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Women's March In Cincinnati Draws Thousands

Mary Wood-Constable said Saturday was the first time she ever felt concerned enough to protest, demonstrate, or march for a cause.

"I hope that it helps others realize how important so many of us think this is. Some of these rights and freedoms that are very basic to America are potentially threatened," she said. "I think many people aren't seeing that we stand to lose a lot of what is basic to our country and what it stands for."

The Hyde Park woman was one of thousands of people who gathered at Washington Park before marching in solidarity with a national event in Washington, D.C., and in other cities. The Women's March on Washington was a demonstration against the new Trump administration, as well as policies and rhetoric put forth during the election.

Deborah Harris from Montgomery said she couldn’t deal with what she has heard from Trump and his supporters. She says the marches send a message to Congress.

During his inaugural address Friday, Trump said the day was not just about a transfer of power from one administration to another, but a transfer of power from Washington to the people.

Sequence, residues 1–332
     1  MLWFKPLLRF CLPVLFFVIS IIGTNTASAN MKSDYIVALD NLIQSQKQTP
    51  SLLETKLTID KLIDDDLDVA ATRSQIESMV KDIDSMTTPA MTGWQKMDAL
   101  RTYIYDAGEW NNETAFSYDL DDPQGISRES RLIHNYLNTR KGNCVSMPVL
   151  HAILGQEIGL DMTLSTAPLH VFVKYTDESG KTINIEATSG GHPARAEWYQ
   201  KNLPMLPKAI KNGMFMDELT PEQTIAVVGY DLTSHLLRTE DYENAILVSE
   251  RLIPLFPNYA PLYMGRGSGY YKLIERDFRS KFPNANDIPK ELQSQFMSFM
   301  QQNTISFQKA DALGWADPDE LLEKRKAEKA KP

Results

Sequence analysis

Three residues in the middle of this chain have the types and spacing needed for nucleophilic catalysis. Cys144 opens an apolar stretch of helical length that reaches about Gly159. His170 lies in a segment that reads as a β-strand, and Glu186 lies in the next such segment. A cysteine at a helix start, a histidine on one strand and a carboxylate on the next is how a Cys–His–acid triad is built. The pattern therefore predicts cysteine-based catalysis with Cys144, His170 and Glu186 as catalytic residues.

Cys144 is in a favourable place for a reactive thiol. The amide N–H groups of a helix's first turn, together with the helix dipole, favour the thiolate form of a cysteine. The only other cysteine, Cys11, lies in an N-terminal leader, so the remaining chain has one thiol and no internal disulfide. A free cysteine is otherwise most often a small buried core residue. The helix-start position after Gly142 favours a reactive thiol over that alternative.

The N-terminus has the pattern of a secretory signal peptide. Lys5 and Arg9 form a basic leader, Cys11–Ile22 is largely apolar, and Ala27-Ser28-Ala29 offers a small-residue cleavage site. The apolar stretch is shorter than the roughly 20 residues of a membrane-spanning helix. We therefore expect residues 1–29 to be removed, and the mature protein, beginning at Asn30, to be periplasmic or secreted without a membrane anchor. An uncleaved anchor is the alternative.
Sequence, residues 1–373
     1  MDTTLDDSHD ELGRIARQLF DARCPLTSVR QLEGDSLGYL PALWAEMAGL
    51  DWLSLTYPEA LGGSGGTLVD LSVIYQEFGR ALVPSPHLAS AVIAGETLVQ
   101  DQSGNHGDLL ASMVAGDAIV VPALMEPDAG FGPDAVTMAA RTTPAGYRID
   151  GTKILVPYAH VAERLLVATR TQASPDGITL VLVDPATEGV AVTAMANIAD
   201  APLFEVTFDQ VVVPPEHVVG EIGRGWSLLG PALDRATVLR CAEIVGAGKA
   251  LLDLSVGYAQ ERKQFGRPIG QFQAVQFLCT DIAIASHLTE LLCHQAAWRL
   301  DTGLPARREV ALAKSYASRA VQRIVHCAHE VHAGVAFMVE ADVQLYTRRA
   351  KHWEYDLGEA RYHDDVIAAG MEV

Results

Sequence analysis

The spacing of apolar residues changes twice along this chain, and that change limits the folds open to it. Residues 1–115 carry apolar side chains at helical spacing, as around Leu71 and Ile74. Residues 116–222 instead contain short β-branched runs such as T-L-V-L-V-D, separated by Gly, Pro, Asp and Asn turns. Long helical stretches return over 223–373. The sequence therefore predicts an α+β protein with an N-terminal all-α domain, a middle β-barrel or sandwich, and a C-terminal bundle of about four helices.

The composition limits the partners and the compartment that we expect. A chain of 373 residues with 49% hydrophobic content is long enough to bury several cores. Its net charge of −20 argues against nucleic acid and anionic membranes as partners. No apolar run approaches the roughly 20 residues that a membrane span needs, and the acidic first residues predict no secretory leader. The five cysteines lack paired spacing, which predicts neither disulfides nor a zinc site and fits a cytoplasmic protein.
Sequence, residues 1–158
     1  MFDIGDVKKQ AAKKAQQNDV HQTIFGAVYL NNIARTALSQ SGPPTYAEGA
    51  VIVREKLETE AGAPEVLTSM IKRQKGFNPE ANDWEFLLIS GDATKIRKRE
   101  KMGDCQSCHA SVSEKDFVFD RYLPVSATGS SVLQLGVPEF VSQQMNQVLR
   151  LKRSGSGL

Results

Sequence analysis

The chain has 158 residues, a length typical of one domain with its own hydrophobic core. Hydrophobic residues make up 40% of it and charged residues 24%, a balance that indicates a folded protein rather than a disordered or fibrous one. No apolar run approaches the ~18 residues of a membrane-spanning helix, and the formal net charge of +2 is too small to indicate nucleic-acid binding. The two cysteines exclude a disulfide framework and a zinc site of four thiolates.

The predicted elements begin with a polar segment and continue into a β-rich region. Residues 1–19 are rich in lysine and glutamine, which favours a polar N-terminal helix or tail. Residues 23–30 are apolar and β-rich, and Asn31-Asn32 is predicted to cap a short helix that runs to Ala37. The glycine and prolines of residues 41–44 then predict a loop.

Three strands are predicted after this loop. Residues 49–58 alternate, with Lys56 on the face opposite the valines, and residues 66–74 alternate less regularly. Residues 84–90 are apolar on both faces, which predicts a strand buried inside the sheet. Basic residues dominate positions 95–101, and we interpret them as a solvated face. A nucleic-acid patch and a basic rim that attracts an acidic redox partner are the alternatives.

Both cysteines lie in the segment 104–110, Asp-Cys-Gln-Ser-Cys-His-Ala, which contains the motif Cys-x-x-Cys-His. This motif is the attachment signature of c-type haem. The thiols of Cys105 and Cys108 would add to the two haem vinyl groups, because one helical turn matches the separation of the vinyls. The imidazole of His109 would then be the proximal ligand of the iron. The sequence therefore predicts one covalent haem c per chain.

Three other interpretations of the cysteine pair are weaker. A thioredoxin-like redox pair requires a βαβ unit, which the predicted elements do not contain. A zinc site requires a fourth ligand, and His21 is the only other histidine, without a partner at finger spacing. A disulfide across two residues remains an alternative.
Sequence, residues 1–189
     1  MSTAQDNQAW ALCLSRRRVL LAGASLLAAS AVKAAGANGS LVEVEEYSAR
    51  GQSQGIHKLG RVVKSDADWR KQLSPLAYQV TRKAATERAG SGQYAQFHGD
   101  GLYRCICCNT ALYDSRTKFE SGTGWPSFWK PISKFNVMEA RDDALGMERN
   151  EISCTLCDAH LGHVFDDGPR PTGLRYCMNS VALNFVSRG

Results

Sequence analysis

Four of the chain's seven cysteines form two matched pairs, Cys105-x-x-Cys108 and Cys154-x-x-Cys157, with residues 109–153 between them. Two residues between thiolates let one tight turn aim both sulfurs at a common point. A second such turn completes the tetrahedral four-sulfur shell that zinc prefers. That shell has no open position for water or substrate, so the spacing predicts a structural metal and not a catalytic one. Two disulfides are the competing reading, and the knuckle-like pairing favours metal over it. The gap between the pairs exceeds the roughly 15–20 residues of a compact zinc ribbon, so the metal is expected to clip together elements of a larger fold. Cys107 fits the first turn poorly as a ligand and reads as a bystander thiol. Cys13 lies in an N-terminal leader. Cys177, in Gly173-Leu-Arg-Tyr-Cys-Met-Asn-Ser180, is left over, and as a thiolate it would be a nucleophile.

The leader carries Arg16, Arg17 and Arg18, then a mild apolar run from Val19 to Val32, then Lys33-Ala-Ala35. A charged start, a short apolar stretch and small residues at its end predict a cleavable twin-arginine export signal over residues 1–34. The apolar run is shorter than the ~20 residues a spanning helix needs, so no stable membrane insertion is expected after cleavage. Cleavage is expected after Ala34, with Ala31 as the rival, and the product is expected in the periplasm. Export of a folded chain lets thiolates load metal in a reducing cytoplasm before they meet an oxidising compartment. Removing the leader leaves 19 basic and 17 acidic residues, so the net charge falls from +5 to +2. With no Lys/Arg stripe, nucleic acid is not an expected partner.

"Which people?" Harris asked. "He put billionaires and millionaires in his cabinet. Those are his people. Everybody else are just tokens."

People marching on Saturday afternoon carried signs in favor of reproductive rights, affordable health care, LGBT rights, immigration, and racial equality.

Credit Bill Rinehart / WVXU
Many carried signs demanding religious tolerance and immigration rights.

George Odendo of Downtown isn't an American citizen but has legal immigrant status. He says he isn't worried about being deported despite his concerns over anti-immigration rhetoric from Trump supporters.

"It's not just really about me. This is a country full of people who are people," Odendo said. "And even if my rights are not being infringed, there are other human beings whose rights will be and that concerns me as a person."

Similar marches were expected in more than 300 other cities.

Bill Rinehart started his radio career as a disc jockey in 1990. In 1994, he made the jump into journalism and has been reporting and delivering news on the radio in markets including Omaha and Lincoln, Nebraska; Sioux City, Iowa; Dayton, Ohio; and most recently as senior correspondent and anchor for Cincinnati’s WLW-AM.